Rome, Copenhagen and Dubai (-7%, -10% and -12% in GBP terms) drop out of the top ten, falling to 14th, 16th and 19th positions respectively.
Part 3: Summary
Margaret Bowler of HRG says: “2010 has so far proved an encouraging year for the global hotel industry. The average length of stay has increased by 9% suggesting that corporates have begun to relax their travel policies in light of the perceived improvement in the current economic climate. However, our data shows that it is not consistent around the world and it is still too early to predict how the rest of 2010 will pan out.
“In addition to lower pricing and in many cases last room availability* (LRA), corporates have been able to negotiate added value items – or unbundled items as the airline industry puts it – within their rates such as food and beverage discounts, free wi-fi access and reduced parking charges. However, it is inevitable as the industry recovers that yield management will come back into play and suppliers will seek to unbundle further their pricing to gain maximum revenues. Even in the current market, certain cities are achieving high occupancy levels on peak nights and HRG continues to advise clients to secure sufficient allocation in high volume locations.”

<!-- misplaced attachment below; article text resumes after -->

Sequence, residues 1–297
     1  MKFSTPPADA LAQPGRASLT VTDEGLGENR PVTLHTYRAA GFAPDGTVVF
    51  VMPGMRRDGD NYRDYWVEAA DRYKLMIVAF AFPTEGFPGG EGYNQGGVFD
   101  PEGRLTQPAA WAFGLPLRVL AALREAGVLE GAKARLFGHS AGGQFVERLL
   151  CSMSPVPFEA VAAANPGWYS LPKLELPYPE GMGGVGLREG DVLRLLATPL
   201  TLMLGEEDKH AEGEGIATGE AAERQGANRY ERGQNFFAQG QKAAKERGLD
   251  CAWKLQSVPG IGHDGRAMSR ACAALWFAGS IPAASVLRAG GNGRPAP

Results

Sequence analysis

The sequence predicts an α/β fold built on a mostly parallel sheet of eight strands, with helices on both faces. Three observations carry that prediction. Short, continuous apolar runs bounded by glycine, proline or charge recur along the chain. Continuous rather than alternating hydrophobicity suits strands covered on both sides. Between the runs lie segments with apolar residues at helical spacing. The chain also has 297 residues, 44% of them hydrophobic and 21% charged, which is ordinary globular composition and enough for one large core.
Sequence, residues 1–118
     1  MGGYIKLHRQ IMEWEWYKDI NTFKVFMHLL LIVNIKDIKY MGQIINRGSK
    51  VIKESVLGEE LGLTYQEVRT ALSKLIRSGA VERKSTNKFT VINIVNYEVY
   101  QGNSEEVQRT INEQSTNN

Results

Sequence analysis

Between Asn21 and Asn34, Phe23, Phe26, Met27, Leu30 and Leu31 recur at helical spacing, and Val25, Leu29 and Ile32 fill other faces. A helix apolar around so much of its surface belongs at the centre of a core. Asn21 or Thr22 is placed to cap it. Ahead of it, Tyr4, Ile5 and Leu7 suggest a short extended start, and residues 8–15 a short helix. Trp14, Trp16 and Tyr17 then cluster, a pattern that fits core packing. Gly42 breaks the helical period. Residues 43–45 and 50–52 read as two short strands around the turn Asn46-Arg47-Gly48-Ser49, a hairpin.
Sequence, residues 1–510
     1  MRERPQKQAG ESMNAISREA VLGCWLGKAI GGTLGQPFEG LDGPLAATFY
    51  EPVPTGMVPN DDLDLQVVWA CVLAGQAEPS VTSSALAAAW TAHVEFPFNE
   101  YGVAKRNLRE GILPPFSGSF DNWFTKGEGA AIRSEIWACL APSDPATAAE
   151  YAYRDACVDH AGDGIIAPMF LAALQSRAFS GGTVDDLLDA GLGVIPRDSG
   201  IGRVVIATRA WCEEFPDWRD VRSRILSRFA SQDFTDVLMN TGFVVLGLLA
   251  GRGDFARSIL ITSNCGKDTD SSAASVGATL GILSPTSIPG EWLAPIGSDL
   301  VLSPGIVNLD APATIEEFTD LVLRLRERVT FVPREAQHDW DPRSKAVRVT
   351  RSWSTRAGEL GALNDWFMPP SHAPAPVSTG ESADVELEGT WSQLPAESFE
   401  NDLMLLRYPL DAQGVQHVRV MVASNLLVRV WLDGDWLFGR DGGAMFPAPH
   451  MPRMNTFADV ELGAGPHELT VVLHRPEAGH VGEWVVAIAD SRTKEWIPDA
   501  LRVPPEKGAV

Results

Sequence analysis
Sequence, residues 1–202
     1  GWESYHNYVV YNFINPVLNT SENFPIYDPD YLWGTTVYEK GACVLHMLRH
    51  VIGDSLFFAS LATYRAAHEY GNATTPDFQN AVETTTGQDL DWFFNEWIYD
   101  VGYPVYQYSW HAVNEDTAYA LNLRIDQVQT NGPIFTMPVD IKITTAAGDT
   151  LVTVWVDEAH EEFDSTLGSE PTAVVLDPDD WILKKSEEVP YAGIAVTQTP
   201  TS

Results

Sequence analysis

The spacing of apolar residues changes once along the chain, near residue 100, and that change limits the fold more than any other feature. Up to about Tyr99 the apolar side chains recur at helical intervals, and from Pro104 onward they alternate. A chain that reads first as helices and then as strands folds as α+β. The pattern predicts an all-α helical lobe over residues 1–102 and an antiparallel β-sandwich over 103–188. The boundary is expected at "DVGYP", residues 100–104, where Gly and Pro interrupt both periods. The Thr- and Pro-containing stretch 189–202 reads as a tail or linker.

Margaret Bowler adds: “Reflecting the need for cost reduction, clients are downgrading between the star ratings as well as continually reviewing their programmes and renegotiating rates where possible. In the 3 and 4 star markets average rates have decreased as suppliers strive to maintain their share of the corporate market. We continue to believe that budget options are not always the cheapest option when the add-on costs are taken into account.
“With the uncertainty in the market in 2009 the Request for Proposal (RFP) season was extended with many corporates delaying issuing their annual RFP in the hope that the market would continue to fall and more favourable rates become available. With the recovery underway it is likely clients will revert to the traditional RFP season. It will be interesting to see how rate negotiations progress over the rest of 2010 ahead of any further growth in the industry.”